NCAT Description of Public Purpose Programs
STATE-BY-STATE OVERVIEW OF LOW-INCOME RESTRUCTURING
LEGISLATION AND IMPLEMENTATION
Compiled by the LIHEAP Clearinghouse
Restructuring activity at the state level has been limited in 2000 and 2001. Michigan is the latest state to pass comprehensive utility restructuring legislation, and it was the only state to pass such legislation in 2000.
During 2001, no state passed restructuring legislation; however a number of them, such as Arkansas, Nevada and West Virginia passed legislation to substantially curtail restructuring's implementation or to put it on hold.
As of October 2001, according to the Energy Information Administration (EIA), 23 states and the District of Columbia have enacted comprehensive restructuring legislation. One state, New York, has allowed restructuring to proceed through regulatory commission order. Georgia has natural gas restructuring, but has had little activity on the electric side.
The states with comprehensive electric (and in some cases gas) restructuring legislation are now: Arizona, Arkansas, California, Connecticut, Delaware, District of Columbia, Georgia, Illinois, Maine, Maryland, Massachusetts, Michigan, Montana, Nevada, New Hampshire, New Jersey, New Mexico, Ohio, Oklahoma, Oregon, Pennsylvania, Rhode Island, Texas, Virginia, and West Virginia.
Three states, Vermont, Wisconsin, and Minnesota, opted not to pass restructuring legislation, but did establish mechanisms for funding of low-income energy programs in the event that restructuring eventually could occur.
Among the remaining states, most have active legislative and/or regulatory processes underway to study restructuring and propose implementing legislation. According to the EIA, Alabama, Georgia, Hawaii, Idaho, Kansas, Nebraska, South Dakota, and Tennessee have undertaken little electric restructuring activity to date.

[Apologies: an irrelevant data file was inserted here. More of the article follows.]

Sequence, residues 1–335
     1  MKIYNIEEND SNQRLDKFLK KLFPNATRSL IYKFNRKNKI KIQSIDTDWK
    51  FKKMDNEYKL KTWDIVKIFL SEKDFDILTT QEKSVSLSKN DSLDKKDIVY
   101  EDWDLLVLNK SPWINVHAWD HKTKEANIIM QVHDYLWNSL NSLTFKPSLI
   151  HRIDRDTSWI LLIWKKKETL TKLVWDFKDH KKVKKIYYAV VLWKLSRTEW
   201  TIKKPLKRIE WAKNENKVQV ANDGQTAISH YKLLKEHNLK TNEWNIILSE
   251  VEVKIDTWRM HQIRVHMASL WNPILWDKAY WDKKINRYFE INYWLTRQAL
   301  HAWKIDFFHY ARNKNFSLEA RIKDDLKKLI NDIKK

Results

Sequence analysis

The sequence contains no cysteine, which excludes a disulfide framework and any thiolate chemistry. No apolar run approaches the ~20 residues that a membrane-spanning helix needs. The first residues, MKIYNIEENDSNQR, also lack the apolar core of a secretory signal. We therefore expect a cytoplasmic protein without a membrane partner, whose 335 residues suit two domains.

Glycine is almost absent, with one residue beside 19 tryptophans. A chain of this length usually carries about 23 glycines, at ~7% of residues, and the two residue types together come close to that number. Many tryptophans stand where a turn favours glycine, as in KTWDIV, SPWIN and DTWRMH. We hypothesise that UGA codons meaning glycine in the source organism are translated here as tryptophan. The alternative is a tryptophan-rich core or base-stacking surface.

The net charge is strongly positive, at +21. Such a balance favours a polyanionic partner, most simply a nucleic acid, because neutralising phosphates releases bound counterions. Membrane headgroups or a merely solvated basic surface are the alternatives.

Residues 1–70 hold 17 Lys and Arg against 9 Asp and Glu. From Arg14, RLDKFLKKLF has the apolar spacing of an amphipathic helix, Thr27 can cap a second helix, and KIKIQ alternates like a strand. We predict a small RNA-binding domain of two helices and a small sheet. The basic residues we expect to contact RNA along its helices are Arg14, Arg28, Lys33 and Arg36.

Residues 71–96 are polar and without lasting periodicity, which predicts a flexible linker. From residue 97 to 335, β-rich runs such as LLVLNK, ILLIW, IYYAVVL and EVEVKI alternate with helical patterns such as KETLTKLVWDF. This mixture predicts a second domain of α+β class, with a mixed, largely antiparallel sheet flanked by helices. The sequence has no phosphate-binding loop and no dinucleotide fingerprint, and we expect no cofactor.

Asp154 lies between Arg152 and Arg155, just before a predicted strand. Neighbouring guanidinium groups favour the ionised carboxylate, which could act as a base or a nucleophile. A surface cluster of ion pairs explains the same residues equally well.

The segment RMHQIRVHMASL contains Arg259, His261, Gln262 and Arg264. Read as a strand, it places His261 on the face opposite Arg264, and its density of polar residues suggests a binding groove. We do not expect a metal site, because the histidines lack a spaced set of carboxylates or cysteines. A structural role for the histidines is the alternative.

The LIHEAP Clearinghouse continues to focus on how programs that help low-income customers afford their electric bills will fare as a result of the restructuring process. The trend is toward funding them through universal systems benefits charges, also known as public benefits charges, to be assessed by local power distribution entities, which will remain regulated.
Some states that approved restructuring legislation have called for the continuation and expansion of existing low-income rate assistance and conservation programs, e.g., California, Massachusetts, Ohio and Montana. Others, such as Illinois, New Hampshire and Texas, funded low-income energy programs for the first time as part of the restructuring process.
How the low-income programs will be administered has been decided in some states, and remains to be seen in others, as discussed below. The National Center for Appropriate Technology's LIHEAP Clearinghouse makes available a state-by-state narrative of low-income system benefits charge programs. The information presented in this summary is compiled from previous issues of the LIHEAP Networker and additional research by the Clearinghouse. The NCAT summary also provides state-specific World Wide Web links to each state program funded through a system benefits charge. State-specific information about each low-income program can be obtained through these links.
|The LIHEAP Clearinghouse summary of state system benefits charge programs, along with state Web links for each state having implemented such a program, can be accessed at: www.ncat.org/liheap/dereg.htm|
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